As you’re probably aware, bullying and the prevention of it has become a major
focus in our schools today. But bullies are no longer limited to just verbal or
physical bullying. Text bullying has become a serious problem among adolescents
and teens. Almost 9 out of 10 teens have a cell phone and about 1 in 5 will be victims of a text bully. About 1 in 10 teens engage in text bullying.
Below are some facts about bullying:
- Nearly one in three students, ages 12 to 18, reports being bullied at school (Robers, Zhang & Truman, 2012).
- An estimated 160,000 children miss school every day due to fear of attack or intimidation by other students (Bullying Statistics, 2010).
- During the 2009–2010 school year, nearly one in four public schools reported that bullying occurred among students on a daily or weekly basis (Robers, Zhang, & Truman, 2012).
- Victims of bullying are four times more likely to earn failing grades than their nonbullied peers (DeVoe & Kaffenberger, 2005).
- One in five teens reports being cyber bullied through the use of computers, cell phones, and other electronic devices (Hinjuda & Patchin, 2010).
In honor of national Pink Shirt Day on Feb. 27th, – an international event focused on stopping bullying, AT&T would like to share a few anti-bullying apps to help prevent text bullying:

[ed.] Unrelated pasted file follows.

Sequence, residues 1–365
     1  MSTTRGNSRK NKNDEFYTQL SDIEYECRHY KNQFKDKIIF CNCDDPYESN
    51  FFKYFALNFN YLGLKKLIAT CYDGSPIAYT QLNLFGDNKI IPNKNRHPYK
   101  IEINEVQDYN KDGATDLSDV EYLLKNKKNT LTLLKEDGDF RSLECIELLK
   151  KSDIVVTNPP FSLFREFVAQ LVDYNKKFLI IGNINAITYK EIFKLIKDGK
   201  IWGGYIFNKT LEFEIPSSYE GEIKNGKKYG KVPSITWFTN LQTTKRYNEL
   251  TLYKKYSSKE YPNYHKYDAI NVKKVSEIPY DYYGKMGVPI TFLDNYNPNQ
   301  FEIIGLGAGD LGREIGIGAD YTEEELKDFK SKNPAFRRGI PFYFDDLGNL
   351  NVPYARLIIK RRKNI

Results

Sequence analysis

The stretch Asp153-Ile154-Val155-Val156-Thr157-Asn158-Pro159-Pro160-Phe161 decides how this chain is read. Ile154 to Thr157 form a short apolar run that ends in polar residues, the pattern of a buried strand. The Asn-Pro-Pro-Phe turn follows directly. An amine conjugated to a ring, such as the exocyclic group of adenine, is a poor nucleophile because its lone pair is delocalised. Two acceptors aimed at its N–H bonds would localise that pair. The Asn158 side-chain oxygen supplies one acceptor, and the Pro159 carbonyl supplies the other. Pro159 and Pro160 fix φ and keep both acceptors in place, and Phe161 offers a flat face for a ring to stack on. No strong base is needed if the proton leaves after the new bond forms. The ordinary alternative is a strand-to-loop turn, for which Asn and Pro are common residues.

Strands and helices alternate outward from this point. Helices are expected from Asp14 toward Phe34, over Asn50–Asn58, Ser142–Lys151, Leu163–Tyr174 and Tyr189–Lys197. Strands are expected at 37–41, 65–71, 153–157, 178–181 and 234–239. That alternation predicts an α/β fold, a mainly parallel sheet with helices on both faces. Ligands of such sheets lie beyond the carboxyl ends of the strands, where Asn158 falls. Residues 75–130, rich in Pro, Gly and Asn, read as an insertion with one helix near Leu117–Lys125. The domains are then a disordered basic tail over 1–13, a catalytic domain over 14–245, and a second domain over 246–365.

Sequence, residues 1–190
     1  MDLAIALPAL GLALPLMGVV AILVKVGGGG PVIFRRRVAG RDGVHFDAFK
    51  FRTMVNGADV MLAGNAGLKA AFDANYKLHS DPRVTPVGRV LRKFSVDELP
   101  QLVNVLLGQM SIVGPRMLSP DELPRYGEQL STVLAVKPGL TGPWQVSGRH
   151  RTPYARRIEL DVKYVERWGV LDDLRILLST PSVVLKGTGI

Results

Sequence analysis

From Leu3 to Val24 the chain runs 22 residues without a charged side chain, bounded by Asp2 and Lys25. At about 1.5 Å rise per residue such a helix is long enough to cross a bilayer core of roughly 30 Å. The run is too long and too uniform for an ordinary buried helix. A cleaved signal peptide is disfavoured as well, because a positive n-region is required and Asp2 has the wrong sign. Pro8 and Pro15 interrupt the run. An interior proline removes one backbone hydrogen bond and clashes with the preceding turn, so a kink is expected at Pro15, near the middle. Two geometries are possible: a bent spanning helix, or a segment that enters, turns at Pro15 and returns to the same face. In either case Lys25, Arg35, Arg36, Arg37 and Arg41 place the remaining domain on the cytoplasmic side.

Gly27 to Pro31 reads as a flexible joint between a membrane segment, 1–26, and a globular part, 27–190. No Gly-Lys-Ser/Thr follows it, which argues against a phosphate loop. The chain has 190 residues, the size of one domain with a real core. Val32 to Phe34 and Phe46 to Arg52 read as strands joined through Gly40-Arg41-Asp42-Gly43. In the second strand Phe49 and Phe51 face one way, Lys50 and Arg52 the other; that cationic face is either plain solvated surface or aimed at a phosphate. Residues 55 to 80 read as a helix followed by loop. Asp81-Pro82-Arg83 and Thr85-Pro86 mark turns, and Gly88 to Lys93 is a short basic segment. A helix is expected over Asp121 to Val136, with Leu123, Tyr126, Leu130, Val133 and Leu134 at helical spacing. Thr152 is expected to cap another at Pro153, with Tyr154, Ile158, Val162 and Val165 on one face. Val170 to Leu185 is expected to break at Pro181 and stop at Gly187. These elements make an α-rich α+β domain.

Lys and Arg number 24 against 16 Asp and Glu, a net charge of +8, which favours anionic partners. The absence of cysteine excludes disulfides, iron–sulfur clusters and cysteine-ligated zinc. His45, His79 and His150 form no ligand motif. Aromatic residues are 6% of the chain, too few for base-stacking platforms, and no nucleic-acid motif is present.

- BullyBlock – (Apple iOS, Android – $0.99) – This app captures and block bullies that are causing you and your family harm. The Bully Block app allows users to covertly record verbal threats and harassment, block inappropriate texts and pictures (e.g. sexting), and utilize auto respond features. Bully Block blocks bullies that utilize private or unknown numbers to engage in cyberbullying. Bully Block also has instant reporting features that allow the user to email or text abusive behavior to parents, teachers, HR departments, and law enforcement. All audio, messages, and calls are stored on the phone SD card.
- Rindin by CrocPond – (Apple iOS –$0.99) – This anti-bullying awareness app is based on the story and DVD Rindin. It includes an animated short movie, story book and adventure game. The app encourages children to be creative, while helping them to recognize the value of tolerance and getting along.
For more on the inspiring story of how Pink Shirt Day came about see http://www.cbc.ca/news/canada/story/2007/09/18/pink-tshirts-students.html.